The Green Bay Packers enter this draft with an obvious need at inside linebacker. With Jake Ryan and Sam Barrington, their starting tandem is pretty good, but they were so desperate for someone to fill the dime linebacker role last season that they turned to Dallas’ practice squad to grab Joe Thomas — who wasn’t good enough to make the final roster.
Our inside linebacker rankings go 27 deep and they are slanted toward coverage. Here are our top five, with more to come before the start of the first round on Thursday night. Scouting opinions are provided courtesy of longtime NFL scout and Packer Report contributor Dave-Te’ Thomas. You can read much more here and here.
MYLES JACK, UCLA
Position rank: 1
Height: 6-foot-1. Weight: 245. 20 shuttle: DNP. 3-cone: DNP. Broad jump: 10-4.
Notes: As a junior, Jack played in three games before he tore the anterior meniscus in a knee at practice. With that, he dropped out of school to focus on his rehab and the NFL. There have been reports that Jack’s injury could have long-term implications and could take him out of the top 10. A scout we talked to said his club wasn’t concerned. He was a partial participant at last month’s pro day and was dunking a basketball this week. Jack had an amazing true freshman season in 2013. As if his 75 tackles, two interceptions and team-high 11 passes defensed weren’t enough, he carried the ball 38 times for 267 yards and seven touchdowns. Jack was an honorable-mention All-American, a Freshman All-American, a finalist for the Paul Hornung Award (most versatile player) and the Pac-12’s Offensive and Defensive Freshman of the Year. As a sophomore, he was second-team all-Pac-12 for the second consecutive season with 88 tackles, including eight for losses, plus seven passes defensed. He added 113 yards and three touchdowns on the ground.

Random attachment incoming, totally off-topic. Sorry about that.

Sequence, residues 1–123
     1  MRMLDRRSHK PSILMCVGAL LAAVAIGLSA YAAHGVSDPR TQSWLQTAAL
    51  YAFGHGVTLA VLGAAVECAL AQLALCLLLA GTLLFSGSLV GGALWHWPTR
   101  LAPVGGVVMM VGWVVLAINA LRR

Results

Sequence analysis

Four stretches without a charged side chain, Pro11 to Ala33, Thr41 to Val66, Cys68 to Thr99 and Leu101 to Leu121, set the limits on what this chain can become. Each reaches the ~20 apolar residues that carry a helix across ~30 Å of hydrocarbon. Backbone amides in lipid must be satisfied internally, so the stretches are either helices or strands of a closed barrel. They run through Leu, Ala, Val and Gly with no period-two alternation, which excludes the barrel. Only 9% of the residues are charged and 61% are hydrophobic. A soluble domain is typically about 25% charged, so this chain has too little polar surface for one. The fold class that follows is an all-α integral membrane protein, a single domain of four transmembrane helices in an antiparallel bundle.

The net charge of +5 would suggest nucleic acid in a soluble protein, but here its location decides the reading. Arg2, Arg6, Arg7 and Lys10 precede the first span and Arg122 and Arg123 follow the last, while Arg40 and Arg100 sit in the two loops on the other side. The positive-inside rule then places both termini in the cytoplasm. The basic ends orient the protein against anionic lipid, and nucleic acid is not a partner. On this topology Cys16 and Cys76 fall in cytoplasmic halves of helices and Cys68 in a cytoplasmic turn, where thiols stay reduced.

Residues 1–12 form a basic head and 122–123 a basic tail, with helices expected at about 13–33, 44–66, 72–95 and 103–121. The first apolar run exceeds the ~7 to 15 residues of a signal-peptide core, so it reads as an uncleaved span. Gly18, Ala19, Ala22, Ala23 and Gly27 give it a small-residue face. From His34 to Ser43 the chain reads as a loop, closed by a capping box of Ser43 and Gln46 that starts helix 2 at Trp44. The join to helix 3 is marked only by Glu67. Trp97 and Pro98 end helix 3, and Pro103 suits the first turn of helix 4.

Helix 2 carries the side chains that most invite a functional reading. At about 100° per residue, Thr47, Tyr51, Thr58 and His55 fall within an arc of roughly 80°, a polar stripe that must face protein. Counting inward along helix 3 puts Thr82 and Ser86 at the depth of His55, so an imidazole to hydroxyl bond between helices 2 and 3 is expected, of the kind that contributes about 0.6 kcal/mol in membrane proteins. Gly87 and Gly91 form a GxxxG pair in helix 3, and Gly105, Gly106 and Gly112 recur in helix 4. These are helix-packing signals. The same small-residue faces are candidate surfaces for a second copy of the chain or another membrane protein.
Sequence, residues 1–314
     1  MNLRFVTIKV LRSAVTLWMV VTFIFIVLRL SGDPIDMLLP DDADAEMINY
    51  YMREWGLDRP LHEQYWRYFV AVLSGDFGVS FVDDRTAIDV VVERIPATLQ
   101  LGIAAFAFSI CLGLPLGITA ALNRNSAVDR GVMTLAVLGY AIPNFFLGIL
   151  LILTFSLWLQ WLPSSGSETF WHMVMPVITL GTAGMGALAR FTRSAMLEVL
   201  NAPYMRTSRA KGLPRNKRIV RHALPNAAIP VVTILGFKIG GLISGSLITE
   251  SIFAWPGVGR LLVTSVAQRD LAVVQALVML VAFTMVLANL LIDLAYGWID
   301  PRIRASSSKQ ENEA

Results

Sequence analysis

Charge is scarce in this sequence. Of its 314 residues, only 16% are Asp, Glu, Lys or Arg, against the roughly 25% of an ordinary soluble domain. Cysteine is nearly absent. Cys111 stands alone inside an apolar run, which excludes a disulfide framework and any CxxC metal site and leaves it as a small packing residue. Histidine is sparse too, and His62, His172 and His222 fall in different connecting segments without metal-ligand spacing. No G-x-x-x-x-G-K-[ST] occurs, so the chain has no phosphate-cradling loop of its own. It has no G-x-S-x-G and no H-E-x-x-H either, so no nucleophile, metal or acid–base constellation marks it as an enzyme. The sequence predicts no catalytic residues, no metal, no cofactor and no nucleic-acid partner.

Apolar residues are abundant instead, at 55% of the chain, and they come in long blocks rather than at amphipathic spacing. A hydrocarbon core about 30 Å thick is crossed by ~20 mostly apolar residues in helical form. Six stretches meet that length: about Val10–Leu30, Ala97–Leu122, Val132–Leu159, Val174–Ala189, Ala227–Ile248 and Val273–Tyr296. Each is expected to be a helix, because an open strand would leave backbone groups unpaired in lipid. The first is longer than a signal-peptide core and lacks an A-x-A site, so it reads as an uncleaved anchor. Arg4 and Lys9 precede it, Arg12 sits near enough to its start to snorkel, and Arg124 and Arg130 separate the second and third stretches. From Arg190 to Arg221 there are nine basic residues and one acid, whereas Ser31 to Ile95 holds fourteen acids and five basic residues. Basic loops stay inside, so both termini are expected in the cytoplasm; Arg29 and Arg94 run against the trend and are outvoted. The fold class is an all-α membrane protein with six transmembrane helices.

Scouting: Before the injury, Jack was primed for his best season, showing he had become an all-around package. “I saw a different guy this year than in past years, and by that I mean he was more physical,” NFL Network analyst Mike Mayock said. “I think more confident in his physicality, able to come down and take on guards, tackles, fullbacks. So I saw a guy that was more of a finesse player early in his career turn into a true linebacker this year. I don't think he's going to have much of a problem transitioning.” A scout called Jack the best off-the-ball linebacker prospect he had seen since Panthers All-Pro Luke Kuechly. Health concerns, obviously, cloud that status.
“Much like when Pittsburgh converted Ryan Shazier to an inside position in a 3-4 alignment, our staff sees Jack in a similar role,” Thomas said. “First, it would allow his field intelligence to be involved in the play-calling, along with giving him less wear and tear on his knee constantly chasing ball carriers at the opposite end of the field. He plays with good suddenness and leverage, showing no issues when having to change direction, which are ideal traits to perform at any of the linebacker positions. He has that sudden burst to consistently give backside chase coming off the edge, as his above average balance will usually see him sift through trash. He generates a very good initial burst off the snap and is quick to build acceleration on the move. Jack needs to continue working on his hand usage at the point of attack, but he does a nice job of locking on and shedding the lead blockers when playing the ball in his area. He will get covered up and contained by the bigger blockers, when he runs right into the pile, but while he is still a work in progress as a stack-and-shed type, he does a very good job of stringing out plays and playing off blocks on the move. He makes quite a few plays in pursuit and shows the hand strength to shed and make plays while defending the tight end’s low blocks. Jack has the turning ability and hip swerve needed in order to drop off deep in the zone. He takes no wasted steps in transition and can move in an instant when trying to turn coming out of his backpedal. He flips his hips properly and plays at a good pad level, as his loose hips allow him to drop off quickly. He gets very good depth in his pass drops, doing a nice job in keeping his head on a swivel to locate the ball in flight. In man coverage, he has the quickness to stay on the tight ends and slot backs, using his hands effectively to reroute. He has the acceleration to maintain position on the receiver when working underneath. His quick feet allow him to shadow the speedier running backs on screens."